O’Shaquie Foster is one of the most dangerous contenders in the 130-pound division today. That the 25-year-old isn’t already wearing one of the four major world championship belts in the junior lightweight division is something Foster plans to rectify as soon as possible.
“Anybody in the weight class, WBC, WBA, WBO, IBF… it doesn’t matter. I want all that smoke,” said Foster when he detailed his plans for world domination a couple of months ago, and he was saying the same thing the next time I saw him.
..who lives in Houston and trains Main Street Boxing and Muay Thai Gym under Bobby Benton and Aaron Navarro, said he hopes to lure either Miguel Berchelt, Gervonta Davis, Tevin Farmer or Jamel Herring into the ring soon because he believes he’s already the best fighter in the division and all he really needs is the chance to prove it.
“If I could choose, I would fight anyone of them guys,” said Foster.
Foster, 25, originally from Orange, Texas, is currently ranked the No. 9 contender by the WBC. After a rough start to his professional career that included him basically training himself as well as a prison stint related to a shooting in Orange, Foster’s newfound dedication to boxing has put the fighter in a pretty good sport as of late.
While it’s easy for a fighter in Foster’s position to talk the talk, it’s another thing altogether to actually pull off the kinds of performances that suggest he might really be on the way to capturing a world title.
Foster has done exactly that over the last couple of years, most recently on July 17 in a stunning six-round knockout against power puncher Jesus Bravo in Costa Rica.
But because of Foster’s early career struggles, his journey reminds me a little of current IBF titleholder Tevin Farmer. Like Foster, Farmer’s position as a world champion right now indicates the fighter learned much about the world of professional boxing during the early part of his career, but through persistence of will and sheer determination, he has gone on to become one of the best fighters in the sport.
“Our path was a little different,” said Foster. “He didn’t have the extensive amateur background I had, so he kind of learned on the fly as a pro. I commend him for that. I respect it. That’s huge, to be able to lose four fights and then come back from that.”
Unlike Farmer, Foster was actually considered one of the best amateur boxers in the world at age 17. He came within just three points of making the 2012 US Olympic team, and where Farmer’s early losses have been attributed to him learning how to operate inside the ropes on fight night as a professional, Foster’s setbacks were mostly about how he was carrying himself outside the ring.
“Me, having an extensive amateur background, everybody knew my potential so when I took those first two losses, there was still hope for me,” said Foster.
Foster has an old-school mentality, something Farmer also seems to have (or at least probably had to have to come back from such a difficult start) and perhaps more present-day fighters should probably have, too.
“Back in the old days, losses were part of the game,” said Foster. “People came back stronger. Now, after Floyd Mayweather Jr., people look at it differently.”
But not Foster, who also possesses that same kind of throwback mentality about how the division’s current champions currently stack up against each other.
Foster said he thinks WBC titleholder Miguel Berchelt…
..deserves to be ranked No. 1 in the division right now compared to the three fighters with belts.
“He’s held the title down,” said Foster. “He’s had the most defenses. I haven't seen none of those other guys [with world titles] going after him. Tevin [Farmer) and Gervonta [Davis] are going after each other, but Berchelt is right there.”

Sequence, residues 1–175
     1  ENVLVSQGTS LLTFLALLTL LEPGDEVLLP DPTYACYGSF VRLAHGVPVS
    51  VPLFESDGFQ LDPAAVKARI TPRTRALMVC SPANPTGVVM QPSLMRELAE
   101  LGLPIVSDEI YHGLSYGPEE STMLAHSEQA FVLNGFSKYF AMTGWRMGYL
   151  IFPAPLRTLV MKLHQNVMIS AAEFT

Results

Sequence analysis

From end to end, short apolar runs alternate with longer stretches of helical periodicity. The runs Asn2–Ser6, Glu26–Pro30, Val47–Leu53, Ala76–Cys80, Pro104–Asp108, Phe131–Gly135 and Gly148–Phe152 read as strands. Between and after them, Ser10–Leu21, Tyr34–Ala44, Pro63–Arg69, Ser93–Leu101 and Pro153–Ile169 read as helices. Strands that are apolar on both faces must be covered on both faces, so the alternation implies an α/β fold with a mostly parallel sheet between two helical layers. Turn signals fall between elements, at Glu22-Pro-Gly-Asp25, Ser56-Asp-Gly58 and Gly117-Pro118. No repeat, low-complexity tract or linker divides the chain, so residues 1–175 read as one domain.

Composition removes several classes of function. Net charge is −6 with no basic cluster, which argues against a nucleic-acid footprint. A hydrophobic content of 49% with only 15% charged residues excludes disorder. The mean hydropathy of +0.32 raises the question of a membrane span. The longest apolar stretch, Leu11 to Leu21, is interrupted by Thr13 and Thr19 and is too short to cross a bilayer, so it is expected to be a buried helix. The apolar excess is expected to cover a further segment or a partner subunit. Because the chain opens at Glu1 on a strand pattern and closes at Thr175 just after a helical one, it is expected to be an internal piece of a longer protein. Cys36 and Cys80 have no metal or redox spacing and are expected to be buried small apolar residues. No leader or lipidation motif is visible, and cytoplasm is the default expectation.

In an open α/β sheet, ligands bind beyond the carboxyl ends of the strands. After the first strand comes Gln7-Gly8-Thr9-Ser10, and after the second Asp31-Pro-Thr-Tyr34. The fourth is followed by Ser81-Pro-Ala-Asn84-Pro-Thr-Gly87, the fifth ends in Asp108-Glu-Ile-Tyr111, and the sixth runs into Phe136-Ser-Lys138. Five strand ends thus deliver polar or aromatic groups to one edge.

Foster said he ranks WBA champ Davis at the No. 2 spot, Farmer right behind at No. 3 and WBO titleholder Jamel Herring at No. 4.
“Herring suffered two losses but he still became champion,” said Foster. “He’s a Marine. He’s a good dude. I was at the Olympic trials with him.”
And as to which of the four junior lightweight champions Foster said he’d would want to square off against in his next bout if suddenly he’d been granted a wish from a genie or something like that, despite Foster publically lobbying over the last month for a bout against Davis, Foster said he’d pick Berchelt because he considers the Mexican the top 130-pound champ based on his resume.
“Berchelt is no punk,” said Foster. “I just feel like his style is tailor-made for me.”
Berchelt picked up the WBC title in January 2017 by stopping Francisco Vargas. The 27-year-old has defended it five times over the last two years and is the longest-reigning titleholder in the division with the most total title defenses.
Regardless, Foster said he’d have no trouble lifting the title from Berchelt, and that he already envisions a showdown between himself and undefeated phenom Davis becoming a huge fight down the line.
“Berchelt is a great offensive fighter, but he has a lot of flaws,” said Foster. “To be honest, if I could get that fight next week, I would take it. I have the WBC silver. He has the full WBC title. I’d love to get that fight and take his belt and then let the fight with Gervonta [Davis] build up. I would want to let that build up. I think it would be one of the biggest fights in the future.”
And even against Davis, 24, from Baltimore, Maryland, a fast-handed southpaw who is also the youngest reigning American world champion in the sport today, Foster said he likes his chances.
“I believe in my skills,” said Foster. “I don’t feel like there’s anything in the ring I haven’t seen, and I can adjust to anything and anybody. I love fighting southpaws. Since I was eight years old, I’ve sparred against southpaws almost every day. That was my main sparring partner coming up. I know the ins and outs of fighting a southpaw, and I think I adjust to them really well.”